Latin American art finds ‘Sense of Place’

Catalina Diaz
Staff Writer

Tucked away in the Pomona Arts Colony sits the dA Center for the Arts which is currently showcasing “Aztlan: A Sense of Place,” another establishment of the Latin American and Latino Art exploration, “Pacific Standard Time: LA/LA.”

Visitors are greeted by large murals with bold colors and textures that fill the first floor of the 12,000 sq. foot Center.

“It really is a sense of place,” said the dA Center’s administrative assistant, Naomi Morphin.

She said a piece by Los Angeles artist David Botello called “Space Dreams” reminded her of her years of growing up.

Morphin added that she saw many of his murals around Los Angeles, where she was raised.

“Space Dreams” is a 36” x 24” acrylic on canvas mural that Botello crafted in 1992.

Pieces by late renowned Chicano artist Gilbert “Magu” Luján are known to involve cars that express an older and traditional Latin American style, twisted with newer designs, which brings both the old and new generations together.

“The artists give people a sense of place and reminders of their lives and pasts,” Morphin said.

This cohesion of tradition can be seen in other pieces like the water painting on glass, “Selena,” that portrays the late Chicana singer’s smile and grace.

Other pieces communicate more current and relevant situations that many Latin Americans have knowledge of, one way or another.

An acrylic on canvas by Jaime Zacarias named “VIVA DACA” displays an alien-like subject, with soft eyes that peer through a Luchador mask that covers its face.

“These are things you see around your home” freshman psychology major Jennifer Estrada said.

Estrada was visiting the exhibit with her friend Eilenne Figueroa because of a class assignment to tour places that displayed Latin American art and culture.

“We’re used to it because we grew up with it,” Estrada said when referring to the murals that she has seen mimicked around her hometown of Pomona.

Both Estrada and Figueroa were taken aback by many of the paintings that surrounded the Center.

“I paint, and would like to learn how to paint on canvas,” Figueroa said.

She added that she appreciated the murals that were in the style that she hopes to incorporate in her own pieces.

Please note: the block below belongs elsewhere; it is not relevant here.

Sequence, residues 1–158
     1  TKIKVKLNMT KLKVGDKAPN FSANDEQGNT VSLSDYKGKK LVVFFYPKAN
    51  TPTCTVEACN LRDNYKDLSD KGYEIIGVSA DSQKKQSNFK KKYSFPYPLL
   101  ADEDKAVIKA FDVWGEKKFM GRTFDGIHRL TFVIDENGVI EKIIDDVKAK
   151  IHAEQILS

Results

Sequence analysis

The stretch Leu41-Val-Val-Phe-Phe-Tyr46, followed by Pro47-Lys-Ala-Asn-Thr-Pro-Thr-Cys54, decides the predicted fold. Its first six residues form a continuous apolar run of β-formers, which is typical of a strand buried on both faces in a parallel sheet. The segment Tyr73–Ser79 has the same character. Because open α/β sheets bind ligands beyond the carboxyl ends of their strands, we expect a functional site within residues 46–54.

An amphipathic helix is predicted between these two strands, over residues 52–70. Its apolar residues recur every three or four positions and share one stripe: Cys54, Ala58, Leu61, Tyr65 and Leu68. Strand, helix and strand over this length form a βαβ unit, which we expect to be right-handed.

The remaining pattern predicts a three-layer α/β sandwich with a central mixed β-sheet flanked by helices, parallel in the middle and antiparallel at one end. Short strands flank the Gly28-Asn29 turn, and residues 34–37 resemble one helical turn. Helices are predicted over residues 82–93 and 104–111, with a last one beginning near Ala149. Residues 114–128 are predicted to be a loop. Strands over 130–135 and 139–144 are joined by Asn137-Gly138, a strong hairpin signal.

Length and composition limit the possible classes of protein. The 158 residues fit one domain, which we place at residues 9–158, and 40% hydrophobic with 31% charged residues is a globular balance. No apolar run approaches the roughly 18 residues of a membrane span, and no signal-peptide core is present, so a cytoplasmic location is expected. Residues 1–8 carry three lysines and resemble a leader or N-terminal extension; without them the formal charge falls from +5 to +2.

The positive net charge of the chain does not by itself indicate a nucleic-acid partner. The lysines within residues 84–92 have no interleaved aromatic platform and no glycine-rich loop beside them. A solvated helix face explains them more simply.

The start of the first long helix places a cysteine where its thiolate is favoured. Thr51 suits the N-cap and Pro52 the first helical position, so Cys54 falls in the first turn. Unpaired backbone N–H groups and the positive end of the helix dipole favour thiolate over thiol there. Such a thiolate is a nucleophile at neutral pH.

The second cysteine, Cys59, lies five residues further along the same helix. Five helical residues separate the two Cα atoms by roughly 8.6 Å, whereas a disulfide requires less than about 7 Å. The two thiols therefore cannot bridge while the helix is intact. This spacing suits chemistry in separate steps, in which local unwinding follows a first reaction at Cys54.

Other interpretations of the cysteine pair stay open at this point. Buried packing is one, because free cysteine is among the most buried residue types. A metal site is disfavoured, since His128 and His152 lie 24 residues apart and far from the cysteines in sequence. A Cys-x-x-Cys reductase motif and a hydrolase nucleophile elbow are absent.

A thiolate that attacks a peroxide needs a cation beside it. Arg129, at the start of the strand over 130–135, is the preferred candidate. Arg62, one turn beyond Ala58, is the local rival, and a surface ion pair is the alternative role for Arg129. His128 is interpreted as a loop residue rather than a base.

The dA is going on its 15th year of housing and showing “Aztlan: A Sense of Place.”

“Interpretations of the term “Aztlan” varies,” said artist and dA volunteer Jason LaMotte.

LaMotte said that some suspect that “Aztlan” is a geographical place, possibly in the Southern California region or southern Arizona.

She said for others it is more widely thought to be a fabled land that people refer to when describing an idealized place of their past.

Although definitions differ from person to person, Aztlan is also a message for hope, said LaMotte.

In a smaller room toward the rear of the space, a wall with the phrase “Western Hemisphericals” invokes an idea that Latin Americans from Southern California cannot be classified because they are apart of hybrid identities that make them unique.

“I think that this is a way of questioning labels and keeping it open ended,” said LaMotte.

He added that he thinks this holds true to the definition of what “Aztlan” embodies.

The history of the dA Center is a story filled with passion and determination.

The Center was conceptualized and created during the late 1970s by four local artists that wanted to establish a home for fellow artists to display their work and give the community a place of its own.

“It speaks to the ongoing search to make this place home to everyone, or whoever comes here,” said LaMotte.

“Aztlan: A Sense of Place” will be on display at the dA Center for the Arts through Jan. 28, 2018.

Catalina Diaz can be reached at

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